Mrs Pattison added it was charity and evDEN EVE nAkliyAT impact on the local community which was closest to her heart, saying she wanted her pupils to become ‘part of the solution’ to society’s problems.
Interviewer Zoe MacDougall paid tribute to Mrs Pattison after news of her death emerged, praising her ‘warm and easy personality’.
She said: ‘Talking to Emma, it was clear that service and kindness were core values.Her vision was for her pupils to learn truths about the world around them, in preparation for the adults that she hoped they would become: people who would play leading roles in society with understanding, compassion and integrity.
Mrs Pattison with her daughter Lettie.The seven-year-old has been described as a ‘little angel’ and ‘perfect in every way’ following her death on Sunday morning
Mrs Pattison moved to the college with daughter Lettie in September, while husband George, 39, remained in their old £1.5million property in Caterham as its sale went through Pictured: Mrs Pattison outside Croydon High School, where she worked prior to her new role in Epsom
It emerged yesterday that Mrs Pattison made a distressed phone call to her sister Deborah Kirk in the early hours of Sunday morning, just minutes before she would be shot dead.
Ms Kirk immediately jumped into a car and drove out to the college in Surrey, but arrived too late and discovered her sister’s body as well as those of her husband George and Lettie.
Surrey Police confirmed they believe Mr Pattison shot his wife and daughter dead before turning the weapon on himself, and that no third party was involved in the killings.
The force has referred itself to the independent watchdog over the triple shooting after it emerged they had been in touch with Mr Pattison just days before.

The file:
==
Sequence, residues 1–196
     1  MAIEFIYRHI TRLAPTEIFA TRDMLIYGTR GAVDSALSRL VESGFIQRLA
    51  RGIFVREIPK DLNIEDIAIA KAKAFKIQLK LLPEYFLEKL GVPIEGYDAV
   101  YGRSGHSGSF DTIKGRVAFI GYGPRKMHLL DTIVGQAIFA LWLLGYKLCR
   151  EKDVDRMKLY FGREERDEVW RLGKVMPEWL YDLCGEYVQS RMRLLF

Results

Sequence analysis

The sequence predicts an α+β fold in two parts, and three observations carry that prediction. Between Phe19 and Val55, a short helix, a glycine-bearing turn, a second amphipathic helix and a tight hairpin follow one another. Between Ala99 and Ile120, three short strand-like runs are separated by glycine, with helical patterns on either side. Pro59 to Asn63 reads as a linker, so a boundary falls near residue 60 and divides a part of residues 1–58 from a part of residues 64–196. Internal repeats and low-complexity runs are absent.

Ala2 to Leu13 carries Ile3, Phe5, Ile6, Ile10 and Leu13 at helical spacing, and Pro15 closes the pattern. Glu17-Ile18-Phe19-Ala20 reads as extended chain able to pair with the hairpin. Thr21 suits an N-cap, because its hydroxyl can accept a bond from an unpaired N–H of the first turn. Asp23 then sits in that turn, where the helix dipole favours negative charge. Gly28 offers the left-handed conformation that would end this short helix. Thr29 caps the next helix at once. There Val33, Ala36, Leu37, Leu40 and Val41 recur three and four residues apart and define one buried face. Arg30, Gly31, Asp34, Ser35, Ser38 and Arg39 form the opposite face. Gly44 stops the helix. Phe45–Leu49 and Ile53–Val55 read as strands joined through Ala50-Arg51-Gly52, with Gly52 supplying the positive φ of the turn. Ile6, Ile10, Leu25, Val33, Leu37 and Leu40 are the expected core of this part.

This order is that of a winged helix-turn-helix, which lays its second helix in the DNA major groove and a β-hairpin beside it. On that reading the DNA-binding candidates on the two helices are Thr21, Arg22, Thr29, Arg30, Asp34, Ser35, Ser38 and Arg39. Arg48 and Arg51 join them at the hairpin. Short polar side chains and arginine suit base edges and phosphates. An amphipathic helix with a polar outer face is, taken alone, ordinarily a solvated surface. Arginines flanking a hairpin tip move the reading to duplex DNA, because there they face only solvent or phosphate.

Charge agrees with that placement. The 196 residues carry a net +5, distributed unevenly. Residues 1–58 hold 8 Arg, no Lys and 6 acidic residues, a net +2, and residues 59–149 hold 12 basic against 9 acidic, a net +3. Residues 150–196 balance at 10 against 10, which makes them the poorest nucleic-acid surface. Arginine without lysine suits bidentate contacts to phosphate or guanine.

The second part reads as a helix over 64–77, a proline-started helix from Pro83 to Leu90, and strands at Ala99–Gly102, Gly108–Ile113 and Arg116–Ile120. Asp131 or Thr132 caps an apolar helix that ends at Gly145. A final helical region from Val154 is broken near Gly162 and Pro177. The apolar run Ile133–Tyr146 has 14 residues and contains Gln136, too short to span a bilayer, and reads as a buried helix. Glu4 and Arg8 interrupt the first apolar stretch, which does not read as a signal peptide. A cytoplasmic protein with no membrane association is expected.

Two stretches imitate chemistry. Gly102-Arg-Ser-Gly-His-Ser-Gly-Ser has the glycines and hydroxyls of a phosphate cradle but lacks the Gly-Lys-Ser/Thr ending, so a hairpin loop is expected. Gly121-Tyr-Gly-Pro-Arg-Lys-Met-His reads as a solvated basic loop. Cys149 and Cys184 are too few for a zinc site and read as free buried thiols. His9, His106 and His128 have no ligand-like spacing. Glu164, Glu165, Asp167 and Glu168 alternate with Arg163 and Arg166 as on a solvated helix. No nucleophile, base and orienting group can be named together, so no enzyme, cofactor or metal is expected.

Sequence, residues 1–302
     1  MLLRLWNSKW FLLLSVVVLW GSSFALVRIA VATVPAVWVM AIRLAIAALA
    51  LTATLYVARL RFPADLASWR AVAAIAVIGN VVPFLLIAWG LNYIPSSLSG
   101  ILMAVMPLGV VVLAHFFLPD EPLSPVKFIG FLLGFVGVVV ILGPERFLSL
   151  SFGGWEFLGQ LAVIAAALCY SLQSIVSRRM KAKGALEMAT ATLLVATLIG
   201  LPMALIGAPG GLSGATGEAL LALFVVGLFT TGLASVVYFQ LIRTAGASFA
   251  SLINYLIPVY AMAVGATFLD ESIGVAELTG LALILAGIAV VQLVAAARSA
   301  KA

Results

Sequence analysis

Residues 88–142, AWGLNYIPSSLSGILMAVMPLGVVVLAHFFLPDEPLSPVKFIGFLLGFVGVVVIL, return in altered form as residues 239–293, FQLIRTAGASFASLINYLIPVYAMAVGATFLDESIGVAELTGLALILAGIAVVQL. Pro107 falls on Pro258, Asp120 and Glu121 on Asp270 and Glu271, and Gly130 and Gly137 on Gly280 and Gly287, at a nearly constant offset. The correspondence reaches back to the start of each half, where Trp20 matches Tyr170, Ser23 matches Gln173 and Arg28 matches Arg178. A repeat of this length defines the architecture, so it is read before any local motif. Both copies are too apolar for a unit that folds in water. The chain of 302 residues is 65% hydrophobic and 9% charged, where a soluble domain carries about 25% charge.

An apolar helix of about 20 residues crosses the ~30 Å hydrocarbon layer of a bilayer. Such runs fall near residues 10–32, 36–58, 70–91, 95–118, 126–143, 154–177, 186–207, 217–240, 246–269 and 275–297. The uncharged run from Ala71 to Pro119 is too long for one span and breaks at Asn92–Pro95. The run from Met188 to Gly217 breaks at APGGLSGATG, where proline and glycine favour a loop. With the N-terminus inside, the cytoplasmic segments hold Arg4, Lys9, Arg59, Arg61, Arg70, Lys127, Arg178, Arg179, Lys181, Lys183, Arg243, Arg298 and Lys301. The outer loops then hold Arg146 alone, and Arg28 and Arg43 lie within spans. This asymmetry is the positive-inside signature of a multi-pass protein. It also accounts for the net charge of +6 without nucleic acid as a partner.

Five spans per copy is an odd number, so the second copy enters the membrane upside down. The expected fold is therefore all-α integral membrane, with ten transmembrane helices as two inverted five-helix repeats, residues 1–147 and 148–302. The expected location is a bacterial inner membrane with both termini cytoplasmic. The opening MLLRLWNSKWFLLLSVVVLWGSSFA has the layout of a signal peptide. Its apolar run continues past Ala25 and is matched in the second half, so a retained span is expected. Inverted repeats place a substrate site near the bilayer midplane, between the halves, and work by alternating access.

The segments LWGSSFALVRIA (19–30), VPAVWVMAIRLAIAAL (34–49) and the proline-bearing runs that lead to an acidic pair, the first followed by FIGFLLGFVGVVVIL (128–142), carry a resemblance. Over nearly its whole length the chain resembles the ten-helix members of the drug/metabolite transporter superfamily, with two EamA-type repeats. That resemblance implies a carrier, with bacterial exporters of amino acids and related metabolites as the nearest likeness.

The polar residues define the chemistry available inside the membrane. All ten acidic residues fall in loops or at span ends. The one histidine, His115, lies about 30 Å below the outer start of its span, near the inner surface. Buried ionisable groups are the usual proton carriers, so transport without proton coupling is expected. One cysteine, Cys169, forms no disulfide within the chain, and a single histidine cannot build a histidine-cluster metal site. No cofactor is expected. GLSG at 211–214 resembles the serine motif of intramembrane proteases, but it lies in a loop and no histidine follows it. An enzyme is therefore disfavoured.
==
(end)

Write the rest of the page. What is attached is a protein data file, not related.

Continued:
The killer had held a shotgun licence for many years and officers had called him to check on the storage for his firearm last Thursday.Officers did not visit the premises.
Home Office regulations state that gun owners must notify police of any change of address as soon as they move.
In December, Mrs Pattison told a student podcast that her move had been ‘a really big change for my family’, adding: ‘I’ve got a new job, my husband got a new job, which wasn’t meant to happen, but did, and my daughter has started a new school.’
Mrs Pattison had only become head of the prestigious college five months ago, and was the first woman to hold the role
Mrs Pattison’s frantic call to her sister Deborah Kirk (pictured together) and her husband prompted relatives to jump into a car and drive out to her in Surrey
Emma Pattison with her husband George at a school function
A police vehicle outside Epsom College in Surrey on Monday following the three deaths in an apparent murder-suicide
A neighbour of the family in Caterham told MailOnline: ‘It’s horrific what’s happened at the college.I never heard any arguing or anything like that when they lived here.
‘They appeared to have it all – a nice house, good jobs and lots of money.
‘As well as the BMW, George also drove a Jaguar XR and an Audi S5.They’d also spent a lot of money doing up the house.
‘When they first moved in it was quite a scruffy granny-style house but they’d extended the kitchen and landscaped the back garden as well as improving the front of the house.